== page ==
Guest Post: The Value of Need in an Increasingly Materialistic World

My dearest reader,

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As I’m sure you will probably be able to tell as you continue read this, I am NOT the usual writer for this blog. I am, in fact, her boyfriend, a book recommender extraordinaire and general companion in her pursuit of all things literary. As I’m sure you will discover over the course of this post, I also have a little less eloquent of a writing style than my esteemed colleague that goes to school up the road at Johns Hopkins. Rather, I go to the United States Naval Academy (yes, I have driven a boat to see her), and I am a history major there. Honestly, I’m more of a person that’s obsessed with history, so I’m sure you’ll find that I tend to look at things through more of an historical microscope than a literary one.

I threw around many ideas for my first blog post over here on More Story. To be completely, transparently honest here, I developed a bunch of ideas, with full outlines and many different ways in which I could develop each idea. But then I sent them into the extremely capable hands of my loving editor up the Chesapeake, and she determined that they were all too broad of topics for posting here. To be clear, I was having a hard time ensuring that the things that I was writing about included enough valid literary context to post here (the history-lover syndrome strikes again), but once I really started thinking about the things that I needed to look for to write about, the more I began to obsess over what we as humans consider to be needs and how we determine their worth.

Now, the idea of need is something that has been written about since man first began to put pencil to paper, or rather, pigments to cave wall. Back then, and I would say up until about the great philosophes (the intellectuals of the Enlightenment), people wrote about need as a way of explaining the things that one absolutely required to sustain life itself — namely food, water, and shelter from the elements. However, once the works of the philosophes came to literary fruition, authors began to explore the more complex things that were considered necessary for life, such as setting goals for one’s life, finding and fostering love, and, more generally, a continual source of education. What these extremely intelligent men did was open a huge can of worms of what I’d like to call “the needs complex,” in which people begin to find things that they absolutely, positively, MUST have in order to continue their life as they know it. They begin to hold firm to unhealthy relationships because they think that they HAVE to be with someone or something in order to live a healthy, fruitful life, whether or not these relationships are unhealthy or abusive.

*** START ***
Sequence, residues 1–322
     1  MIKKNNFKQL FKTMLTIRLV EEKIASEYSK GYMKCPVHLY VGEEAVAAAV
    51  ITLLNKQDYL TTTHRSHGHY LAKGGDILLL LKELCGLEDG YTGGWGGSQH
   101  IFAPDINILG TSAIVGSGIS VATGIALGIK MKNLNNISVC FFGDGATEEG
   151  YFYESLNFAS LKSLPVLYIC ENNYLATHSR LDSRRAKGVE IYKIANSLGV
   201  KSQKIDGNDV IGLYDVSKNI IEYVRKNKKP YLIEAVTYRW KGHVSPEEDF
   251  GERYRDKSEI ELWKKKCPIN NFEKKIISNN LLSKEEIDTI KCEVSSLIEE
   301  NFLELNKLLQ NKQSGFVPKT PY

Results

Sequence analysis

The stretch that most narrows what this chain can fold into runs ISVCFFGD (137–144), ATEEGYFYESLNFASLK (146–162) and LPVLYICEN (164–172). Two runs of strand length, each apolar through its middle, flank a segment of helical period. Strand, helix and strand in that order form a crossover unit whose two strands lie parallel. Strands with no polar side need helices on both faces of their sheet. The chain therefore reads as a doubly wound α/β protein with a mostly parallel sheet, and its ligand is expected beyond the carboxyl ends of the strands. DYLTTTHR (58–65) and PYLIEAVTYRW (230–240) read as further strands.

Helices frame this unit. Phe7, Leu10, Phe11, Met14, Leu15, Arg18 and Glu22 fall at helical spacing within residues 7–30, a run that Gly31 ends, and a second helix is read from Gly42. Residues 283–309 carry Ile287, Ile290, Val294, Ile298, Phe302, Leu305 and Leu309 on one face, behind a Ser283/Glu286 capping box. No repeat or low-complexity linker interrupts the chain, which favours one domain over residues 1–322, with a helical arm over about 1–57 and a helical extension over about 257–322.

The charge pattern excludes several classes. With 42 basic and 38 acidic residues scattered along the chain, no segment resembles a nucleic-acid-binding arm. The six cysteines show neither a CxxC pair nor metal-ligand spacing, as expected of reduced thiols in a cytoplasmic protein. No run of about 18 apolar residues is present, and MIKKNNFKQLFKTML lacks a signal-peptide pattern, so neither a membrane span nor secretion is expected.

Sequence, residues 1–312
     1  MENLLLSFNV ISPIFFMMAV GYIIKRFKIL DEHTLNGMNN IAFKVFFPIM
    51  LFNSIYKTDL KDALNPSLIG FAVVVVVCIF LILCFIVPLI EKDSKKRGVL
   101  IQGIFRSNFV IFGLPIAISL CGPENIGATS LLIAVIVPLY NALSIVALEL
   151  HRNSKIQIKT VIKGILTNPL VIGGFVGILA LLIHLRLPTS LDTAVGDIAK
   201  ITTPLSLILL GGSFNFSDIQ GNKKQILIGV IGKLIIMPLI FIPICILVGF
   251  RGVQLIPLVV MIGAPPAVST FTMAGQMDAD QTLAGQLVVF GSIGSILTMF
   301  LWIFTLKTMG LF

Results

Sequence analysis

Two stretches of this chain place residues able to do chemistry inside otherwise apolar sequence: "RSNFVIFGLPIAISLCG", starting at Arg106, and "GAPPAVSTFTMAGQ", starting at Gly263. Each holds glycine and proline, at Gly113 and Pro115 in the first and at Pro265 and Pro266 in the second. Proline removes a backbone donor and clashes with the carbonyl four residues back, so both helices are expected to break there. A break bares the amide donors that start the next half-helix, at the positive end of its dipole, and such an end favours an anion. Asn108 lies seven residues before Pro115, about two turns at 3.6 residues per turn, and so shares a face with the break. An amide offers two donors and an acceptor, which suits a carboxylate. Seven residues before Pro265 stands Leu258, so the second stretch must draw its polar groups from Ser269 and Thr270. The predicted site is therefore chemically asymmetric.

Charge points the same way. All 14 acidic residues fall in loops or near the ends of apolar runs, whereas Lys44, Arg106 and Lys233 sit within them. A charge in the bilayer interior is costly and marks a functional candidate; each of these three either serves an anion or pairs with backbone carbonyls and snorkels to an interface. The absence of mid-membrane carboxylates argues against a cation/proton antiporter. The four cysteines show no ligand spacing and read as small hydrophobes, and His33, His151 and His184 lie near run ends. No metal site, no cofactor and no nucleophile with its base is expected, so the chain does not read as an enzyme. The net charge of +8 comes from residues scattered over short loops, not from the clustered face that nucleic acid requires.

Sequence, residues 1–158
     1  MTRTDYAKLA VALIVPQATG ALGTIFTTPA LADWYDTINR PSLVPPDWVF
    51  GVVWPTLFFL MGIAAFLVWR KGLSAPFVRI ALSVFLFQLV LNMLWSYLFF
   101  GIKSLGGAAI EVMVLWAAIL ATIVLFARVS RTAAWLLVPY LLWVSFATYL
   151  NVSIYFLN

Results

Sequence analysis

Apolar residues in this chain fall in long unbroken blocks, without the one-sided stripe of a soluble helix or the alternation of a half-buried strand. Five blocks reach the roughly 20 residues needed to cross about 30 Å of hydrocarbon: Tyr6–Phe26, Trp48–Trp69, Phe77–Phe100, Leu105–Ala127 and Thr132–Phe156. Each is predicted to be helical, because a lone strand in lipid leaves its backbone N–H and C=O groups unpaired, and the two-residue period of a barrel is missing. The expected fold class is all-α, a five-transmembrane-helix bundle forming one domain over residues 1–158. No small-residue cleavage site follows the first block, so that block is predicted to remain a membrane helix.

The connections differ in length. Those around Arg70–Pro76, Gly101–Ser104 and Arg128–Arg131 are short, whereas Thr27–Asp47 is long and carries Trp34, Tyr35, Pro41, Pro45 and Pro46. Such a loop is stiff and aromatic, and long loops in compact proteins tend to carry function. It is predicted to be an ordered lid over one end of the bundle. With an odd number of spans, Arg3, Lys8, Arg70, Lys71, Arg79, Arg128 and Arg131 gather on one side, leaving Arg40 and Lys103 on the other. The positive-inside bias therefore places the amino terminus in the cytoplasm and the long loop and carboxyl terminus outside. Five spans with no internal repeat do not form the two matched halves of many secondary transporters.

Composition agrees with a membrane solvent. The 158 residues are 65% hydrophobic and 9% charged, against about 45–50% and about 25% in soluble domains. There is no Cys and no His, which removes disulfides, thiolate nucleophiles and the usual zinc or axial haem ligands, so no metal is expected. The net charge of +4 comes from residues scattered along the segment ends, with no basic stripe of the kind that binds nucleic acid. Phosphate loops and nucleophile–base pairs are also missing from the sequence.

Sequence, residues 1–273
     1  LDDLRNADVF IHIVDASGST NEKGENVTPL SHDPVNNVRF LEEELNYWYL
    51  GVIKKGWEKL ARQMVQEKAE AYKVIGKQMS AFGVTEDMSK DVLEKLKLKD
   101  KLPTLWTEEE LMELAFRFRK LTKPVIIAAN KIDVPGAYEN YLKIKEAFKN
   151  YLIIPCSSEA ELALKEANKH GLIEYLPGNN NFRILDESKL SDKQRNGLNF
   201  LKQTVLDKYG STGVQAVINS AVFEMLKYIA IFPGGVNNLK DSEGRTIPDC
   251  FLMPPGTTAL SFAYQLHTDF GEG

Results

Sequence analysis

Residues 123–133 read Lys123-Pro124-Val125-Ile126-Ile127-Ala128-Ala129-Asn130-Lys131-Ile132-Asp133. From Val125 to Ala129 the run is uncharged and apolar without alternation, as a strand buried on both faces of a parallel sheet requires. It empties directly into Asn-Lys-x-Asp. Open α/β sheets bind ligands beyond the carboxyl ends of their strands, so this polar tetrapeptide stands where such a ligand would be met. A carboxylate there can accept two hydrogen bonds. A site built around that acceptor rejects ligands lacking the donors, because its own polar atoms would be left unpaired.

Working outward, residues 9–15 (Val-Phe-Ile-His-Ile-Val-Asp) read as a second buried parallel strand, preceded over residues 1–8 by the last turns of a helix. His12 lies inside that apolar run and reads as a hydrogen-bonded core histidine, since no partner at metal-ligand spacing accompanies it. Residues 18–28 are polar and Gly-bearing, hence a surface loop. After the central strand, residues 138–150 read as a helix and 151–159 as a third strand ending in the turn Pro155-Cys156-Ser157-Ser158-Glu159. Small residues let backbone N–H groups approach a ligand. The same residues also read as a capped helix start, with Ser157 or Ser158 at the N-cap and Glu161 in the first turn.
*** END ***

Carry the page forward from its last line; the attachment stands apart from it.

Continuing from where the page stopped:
People have become extremely dependent on material things such as the Internet, electronics, movies, and even our dear literature. I recently went on a trip to Rome over spring break, and all of my colleagues and myself would ask to have the Wi-Fi password to each restaurant, sometimes faster than we could be properly seated, because we needed the self-satisfaction of knowing that we could be connected to all of our friends for just a short while. We made Wi-Fi, our friends, and our phones into necessities because they were the things that we needed to be able to “make ourselves happy,” despite the fact that we were in a foreign country, in the most beautiful city in the world (in my humble opinion) to boot!

The question relevold-library-reading-roomant to this blog is whether reading is a necessity of life or merely a hobby in which those of us that are addicted to staring at words on a page for hours on end partake. The philosophes viewed reading in a particularly positive light, as they greatly understood the educative power that reading and writing gave to humanity. In my humble and partial opinion, reading is most certainly a requirement of life. Books meet you right where you are, from your highest emotional highs to your lowest financial lows. My wonderful better half will gladly inform you that the first thing that I do when I’m stressed out is grab a good book and read for a while.

I assume it’s because of the engrossing nature of reading — the way in which it takes me out of my current situation and plops me into the shoes of another person, allowing me to view the world from their perspective in a manner I wouldn’t get to experience otherwise. In a book, I can learn anything that I could ever imagine wanting information about because, inevitably, someone took the time to write about that topic. Through reading, I can use those differing perspectives to better construct my own beliefs. Finding the right information is only a bookstore away! However, just about everything today is communicated via more technological communication, whether that takes the form of email, messaging systems, e-books and magazines, or blog posts. All of this is becoming necessary to your life and career.

What do you think about today’s needs and wants? Do you believe that reading is a necessity? What do you think of my post? Should I continue with my writing? To reply, simply comment down below!

All the best to you and yours in your endeavors,

Cam

P.S. If you liked this post, Cam’s new blog is Armchair Admiral!

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